How Financial Derivatives Can Help to Mitigate Climate Change
In an effort to mitigate climate change, over 180 countries have
ratified the Kyoto Protocol to reduce greenhouse gases, including
carbon dioxide. A key part of the agreement requires the developed
countries to impose caps on carbon dioxide emissions. As currently
implemented in the European Union, each of more than 7000 companies
(such as electric utilities, oil refiners, steel manufacturers, and
paper producers) is subject individually to an emissions quota, in the
form of a certain number of ``allowances'' or ``permits'' allocated to
it by its national government. Each allowance gives the right to emit
one ton of CO2. By controlling the total number of allowances
awarded, and penalizing any companies that emit CO2 in excess of their
allowance, regulators can achieve reductions in emissions.
Suppose that, in the absence of pollutant caps, my power plant is
expected to emit 120 tons of CO2, and your factory is expected to emit
100 tons of CO2, in some specified time frame. But by issuing, for
example, only 90 allowances to me, and 75 allowances to you, the
regulator directs us to curb our emissions by 25%.
Suppose, however, that it is costly for my power plant to make that
reduction, and comparatively cheap for your factory to make that
reduction. (Maybe consumer demand for power from my plant is
unexpectedly high, while consumer demand for your factory's goods is
unexpectedly low. Or maybe the clean production technologies in your
industry are more cost-effective and readily implementable than the
clean technologies in my industry.)
Suppose that, therefore, despite having to pay a stiff penalty for
exceeding my 90 allowances, I will operate my power plant at a level
that emits 95 tons of CO2. You are able to meet your quota, by
emitting only 75 tons of CO2; you could even go lower, at a small
nonzero cost, but in the absence of any incentive to go lower, you
will emit 75 tons.
What helps companies to meet the burdens of emissions reduction, while
maintaining the overall emission targets, is the existence of markets
for the trading of emissions allowances. If you sell me 5 of
your allowances, we can have a win-win situation. I will have 95
allowances, so I benefit by avoiding a stiff penalty payment to the
regulator. You will have only 70 allowances, but you benefit, because
the payment from me to you can finance your relatively cheap cost of
reducing your CO2 output from 75 to 70.
Finally, the environment benefits from the trade in both a direct and
indirect way. The direct benefit is that without trading, the total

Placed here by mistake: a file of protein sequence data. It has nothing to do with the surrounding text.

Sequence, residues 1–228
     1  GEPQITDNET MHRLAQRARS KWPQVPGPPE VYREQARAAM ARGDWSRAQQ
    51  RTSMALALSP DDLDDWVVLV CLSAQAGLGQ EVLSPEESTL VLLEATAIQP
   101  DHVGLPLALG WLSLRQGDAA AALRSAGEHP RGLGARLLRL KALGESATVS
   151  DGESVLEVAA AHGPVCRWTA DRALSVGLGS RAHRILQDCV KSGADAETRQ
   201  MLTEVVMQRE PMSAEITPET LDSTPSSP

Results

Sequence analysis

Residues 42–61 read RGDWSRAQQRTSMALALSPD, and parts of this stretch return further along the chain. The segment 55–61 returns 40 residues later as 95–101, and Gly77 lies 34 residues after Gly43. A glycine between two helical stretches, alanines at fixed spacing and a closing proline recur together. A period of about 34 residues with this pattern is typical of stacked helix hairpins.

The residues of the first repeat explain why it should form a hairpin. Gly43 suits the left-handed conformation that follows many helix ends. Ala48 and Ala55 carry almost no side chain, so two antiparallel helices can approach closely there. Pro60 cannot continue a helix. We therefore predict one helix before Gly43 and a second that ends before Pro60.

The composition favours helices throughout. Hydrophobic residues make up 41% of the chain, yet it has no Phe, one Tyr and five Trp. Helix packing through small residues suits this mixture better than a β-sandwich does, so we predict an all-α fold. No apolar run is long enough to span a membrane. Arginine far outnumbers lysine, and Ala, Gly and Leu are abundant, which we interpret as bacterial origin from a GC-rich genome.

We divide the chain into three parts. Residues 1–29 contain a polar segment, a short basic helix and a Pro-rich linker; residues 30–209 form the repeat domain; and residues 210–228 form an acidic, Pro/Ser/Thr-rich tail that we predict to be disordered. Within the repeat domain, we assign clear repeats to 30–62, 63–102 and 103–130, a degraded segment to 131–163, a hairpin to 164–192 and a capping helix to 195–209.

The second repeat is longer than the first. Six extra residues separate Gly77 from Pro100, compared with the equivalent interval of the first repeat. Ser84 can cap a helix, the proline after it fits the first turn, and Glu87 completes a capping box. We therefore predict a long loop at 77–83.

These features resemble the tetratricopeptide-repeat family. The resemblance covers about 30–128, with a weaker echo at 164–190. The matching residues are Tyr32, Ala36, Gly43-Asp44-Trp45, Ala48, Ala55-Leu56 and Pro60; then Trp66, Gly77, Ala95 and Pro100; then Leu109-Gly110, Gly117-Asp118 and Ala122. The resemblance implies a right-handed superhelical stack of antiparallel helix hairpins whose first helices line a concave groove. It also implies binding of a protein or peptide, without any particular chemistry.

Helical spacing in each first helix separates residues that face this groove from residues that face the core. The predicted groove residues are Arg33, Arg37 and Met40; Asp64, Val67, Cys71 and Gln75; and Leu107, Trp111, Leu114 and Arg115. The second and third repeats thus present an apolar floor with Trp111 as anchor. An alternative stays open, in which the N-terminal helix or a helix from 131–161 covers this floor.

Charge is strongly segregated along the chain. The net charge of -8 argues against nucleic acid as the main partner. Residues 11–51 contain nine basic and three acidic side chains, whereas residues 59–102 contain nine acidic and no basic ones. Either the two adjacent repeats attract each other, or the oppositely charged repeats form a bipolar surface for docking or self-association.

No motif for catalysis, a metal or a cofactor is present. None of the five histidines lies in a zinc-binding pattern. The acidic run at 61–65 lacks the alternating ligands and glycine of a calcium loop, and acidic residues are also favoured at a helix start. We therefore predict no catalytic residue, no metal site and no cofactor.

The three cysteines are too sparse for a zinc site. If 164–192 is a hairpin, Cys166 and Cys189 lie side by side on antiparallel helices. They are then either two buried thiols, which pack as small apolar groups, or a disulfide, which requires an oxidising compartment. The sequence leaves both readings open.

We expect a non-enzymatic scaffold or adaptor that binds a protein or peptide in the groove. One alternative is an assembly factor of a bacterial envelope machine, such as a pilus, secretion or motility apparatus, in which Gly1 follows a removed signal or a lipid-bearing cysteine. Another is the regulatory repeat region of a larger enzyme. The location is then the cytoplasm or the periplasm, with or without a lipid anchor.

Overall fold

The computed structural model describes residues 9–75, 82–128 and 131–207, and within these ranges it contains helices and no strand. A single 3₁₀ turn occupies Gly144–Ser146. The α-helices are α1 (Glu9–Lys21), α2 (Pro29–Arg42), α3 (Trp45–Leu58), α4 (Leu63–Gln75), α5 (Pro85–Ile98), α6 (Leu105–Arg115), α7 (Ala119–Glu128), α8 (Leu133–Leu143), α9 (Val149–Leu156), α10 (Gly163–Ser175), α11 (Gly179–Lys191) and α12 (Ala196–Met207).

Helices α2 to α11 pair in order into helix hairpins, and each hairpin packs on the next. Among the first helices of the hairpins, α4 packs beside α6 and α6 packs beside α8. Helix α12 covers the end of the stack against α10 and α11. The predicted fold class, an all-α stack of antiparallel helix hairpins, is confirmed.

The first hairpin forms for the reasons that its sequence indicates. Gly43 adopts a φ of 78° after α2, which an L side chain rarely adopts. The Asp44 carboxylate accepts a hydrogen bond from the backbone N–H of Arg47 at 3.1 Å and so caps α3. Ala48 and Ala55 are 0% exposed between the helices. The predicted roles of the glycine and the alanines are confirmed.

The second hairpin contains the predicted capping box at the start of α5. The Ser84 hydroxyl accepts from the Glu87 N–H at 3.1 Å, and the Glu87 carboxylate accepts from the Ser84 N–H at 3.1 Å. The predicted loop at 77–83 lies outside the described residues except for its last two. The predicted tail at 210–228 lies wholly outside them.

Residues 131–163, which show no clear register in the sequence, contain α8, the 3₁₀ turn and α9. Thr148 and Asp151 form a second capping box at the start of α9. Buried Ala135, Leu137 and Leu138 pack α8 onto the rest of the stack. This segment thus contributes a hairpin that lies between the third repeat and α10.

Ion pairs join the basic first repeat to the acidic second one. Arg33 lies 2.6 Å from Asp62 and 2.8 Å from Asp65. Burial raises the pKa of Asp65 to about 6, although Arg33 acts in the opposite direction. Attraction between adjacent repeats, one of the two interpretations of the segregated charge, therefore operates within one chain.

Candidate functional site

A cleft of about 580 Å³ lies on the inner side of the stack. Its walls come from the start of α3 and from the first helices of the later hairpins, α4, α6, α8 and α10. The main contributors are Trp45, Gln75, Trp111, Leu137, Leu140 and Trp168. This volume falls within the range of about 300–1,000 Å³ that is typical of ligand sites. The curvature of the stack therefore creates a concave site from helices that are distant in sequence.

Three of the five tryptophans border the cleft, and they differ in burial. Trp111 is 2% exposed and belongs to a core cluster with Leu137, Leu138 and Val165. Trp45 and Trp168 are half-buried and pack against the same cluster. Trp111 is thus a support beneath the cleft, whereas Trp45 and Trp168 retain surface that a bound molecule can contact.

emissions would be reduced to 95+75, whereas with trading, the total
emission is reduced to 95+70. The indirect benefit is that the easier
it is for companies to comply with emissions targets, the lower those
targets can be set without crippling the businesses.
Derivatives on Emissions Allowances
The majority of emissions trades do not involve the ``spot market''
(trading of the actual emissions allowances), but rather financial
derivatives (forwards, futures, and options) on those
allowances. In a forward contract between a buyer and seller
enter, the delivery of the emissions allowance, and the agreed payment
for it, do not occur immediately after the trade date, but rather on
some agreed maturity date in the future. An option to buy an
emissions allowance confers the holder the right, but not the
obligation, to buy an emissions allowance on some future maturity date
at some agreed strike price.
Introduction of derivatives brings several benefits.
Why Do Math
- 1. Liquidity: If I want to buy some number of emissions allowances,
it may be difficult for me to find an industrial operator who is
currently willing to selling that number of allowances to me, at an
acceptable price. But with a forward/futures market, financial
institutions (such as banks and hedge funds) can step in and sell me,
for future delivery, the emissions allowances at market prices (even
if the financial institution does not own the underlying allowances).
- 2. Price discovery: With more activity and smaller transaction costs
than the spot markets, the derivatives markets facilitate revelation
of the implied cost of each ton of emissions. This helps business to
plan their activities in accordance with those costs, and it gives
clear incentives for engineers to develop environmentally friendly
- 3. Risk management Derivatives facilitate the transfer of risk from
those who don't want to bear it to those who do. For example, suppose
that, depending on consumer demand, my power plant may or may not need
extra allowances in the future. Buying a call option on the
allowances provides insurance in the sense that the option guarantees
that the emissions allowances will not cost me more than the option's
pre-determined strike price.
Mathematics plays an essential role in understanding how to price the
emissions derivatives and how to hedge their risks. Thereby it helps
financial institutions to buy and sell these products in markets such
as the European Climate Exchange and the Chicago Climate Exchange. As
discussed above, the trading in these products helps
greenhouse-gas-emitting companies to comply with emissions
regulations, and helps ensure that overall greenhouse gas targets are
met or lowered.